Murray B. Schneps was born to Jewish parents who had immigrated to New York in search of the American dream and was raised in the insular neighborhood of Brighton Beach, Brooklyn. His street smarts and inquisitive mind led him to a legal career.
When his first child, Lara, was born profoundly mentally retarded and multiply handicapped, he was forced to confront the way our society viewed and treated the “children of a lesser God” and he vowed to use every tool in his arsenal to wage war against the status quo.
When Lara was born in the 1960s, large institutions were the only resource available to the disabled. In addition to not providing adequate care, the institutions were subject to state budget cuts which led to a ratio of patients to caregivers at inhumane levels. Much of this was chronicled by Geraldo Rivera as a young reporter.
Mr. Schneps, along with a group of advocates, realized that better care could be provided for those with disabilities in smaller settings, such as group homes, and that such care, even with rehabilitative services, was more cost efficient.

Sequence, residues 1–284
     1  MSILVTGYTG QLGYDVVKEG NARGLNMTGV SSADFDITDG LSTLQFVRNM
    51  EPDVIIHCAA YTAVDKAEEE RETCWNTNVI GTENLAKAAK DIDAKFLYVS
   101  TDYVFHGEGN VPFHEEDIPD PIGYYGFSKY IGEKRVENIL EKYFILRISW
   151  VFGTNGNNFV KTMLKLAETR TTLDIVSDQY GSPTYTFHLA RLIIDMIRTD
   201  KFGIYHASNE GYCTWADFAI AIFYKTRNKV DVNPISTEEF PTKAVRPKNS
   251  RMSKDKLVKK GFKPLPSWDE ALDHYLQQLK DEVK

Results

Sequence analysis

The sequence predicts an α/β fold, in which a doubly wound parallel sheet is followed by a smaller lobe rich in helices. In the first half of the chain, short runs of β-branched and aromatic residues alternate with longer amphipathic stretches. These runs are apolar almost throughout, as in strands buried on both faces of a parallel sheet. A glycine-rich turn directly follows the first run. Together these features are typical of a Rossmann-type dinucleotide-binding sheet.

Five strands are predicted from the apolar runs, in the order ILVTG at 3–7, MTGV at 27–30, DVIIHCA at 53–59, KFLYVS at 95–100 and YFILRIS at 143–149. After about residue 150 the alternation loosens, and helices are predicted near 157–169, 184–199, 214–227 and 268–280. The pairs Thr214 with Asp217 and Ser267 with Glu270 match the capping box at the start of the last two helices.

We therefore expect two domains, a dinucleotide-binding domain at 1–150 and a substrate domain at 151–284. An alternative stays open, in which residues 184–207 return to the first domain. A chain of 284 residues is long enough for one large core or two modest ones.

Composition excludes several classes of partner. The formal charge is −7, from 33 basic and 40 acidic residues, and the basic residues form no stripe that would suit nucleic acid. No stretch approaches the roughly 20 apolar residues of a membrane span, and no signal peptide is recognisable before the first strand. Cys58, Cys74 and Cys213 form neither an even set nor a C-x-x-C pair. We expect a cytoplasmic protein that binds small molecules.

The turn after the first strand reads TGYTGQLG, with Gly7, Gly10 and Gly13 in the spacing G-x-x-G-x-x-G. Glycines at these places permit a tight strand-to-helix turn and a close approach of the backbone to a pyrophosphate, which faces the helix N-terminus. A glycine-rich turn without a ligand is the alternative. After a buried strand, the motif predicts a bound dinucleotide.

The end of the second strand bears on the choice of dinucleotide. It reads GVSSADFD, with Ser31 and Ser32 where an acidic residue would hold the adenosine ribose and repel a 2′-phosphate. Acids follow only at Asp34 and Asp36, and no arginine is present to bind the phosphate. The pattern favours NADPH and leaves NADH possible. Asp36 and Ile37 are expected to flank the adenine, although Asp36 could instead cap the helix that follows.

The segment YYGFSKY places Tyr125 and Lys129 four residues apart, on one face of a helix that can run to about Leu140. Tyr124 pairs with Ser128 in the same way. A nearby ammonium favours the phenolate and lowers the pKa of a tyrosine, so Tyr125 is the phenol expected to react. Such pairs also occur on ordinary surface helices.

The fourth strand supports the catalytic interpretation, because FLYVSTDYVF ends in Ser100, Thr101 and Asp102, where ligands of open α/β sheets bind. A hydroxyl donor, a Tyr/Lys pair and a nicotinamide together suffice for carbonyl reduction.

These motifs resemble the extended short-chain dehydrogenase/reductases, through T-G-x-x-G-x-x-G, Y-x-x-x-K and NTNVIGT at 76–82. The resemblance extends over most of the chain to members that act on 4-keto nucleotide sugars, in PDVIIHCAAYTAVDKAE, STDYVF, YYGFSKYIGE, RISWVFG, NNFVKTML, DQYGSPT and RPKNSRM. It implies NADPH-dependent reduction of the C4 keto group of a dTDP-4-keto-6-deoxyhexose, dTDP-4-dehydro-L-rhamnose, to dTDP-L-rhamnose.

Along the way, he engaged in civil litigation, including class actions, to vindicate the rights of those with mental and physical disabilities. It was not possible to ensure that Lara would always be safe and cared for without changing the existing public and private bias in favor of large institutions. As an activist and gladiator, he challenged government officials, communities, and other parents to explore different and better ways to care for those with disabilities.
He was a named plaintiff in the action addressing the horrors existing at the infamous Willowbrook State School, was a vice chairman of the Willowbook Review Panel, which was charged with implementing the agreed-to changes, and became an unapologetic ideologue dedicated to the development of small community residences.
This action created a new system of care for those that could not fight on behalf of themselves and set a precedent throughout New York and nationally for care of those with disabilities. It also led to the closure of the Suffolk Developmental Center.
Mr. Schneps chronicled his experiences fighting for his daughter Lara and all those with disabilities in a book published in 2015, “I See Your Face Before Me.”
Mr. Schneps was a resident of Baiting Hollow for over 20 years, practiced law in Riverhead for over 25 years after 20 years in Manhattan, and was an active member of Riverhead Rotary.
He leaves behind his wife, Teri; daughters Elizabeth and Samantha, son, Joshua; stepson, Jason, and six grandchildren.
This is a paid notice.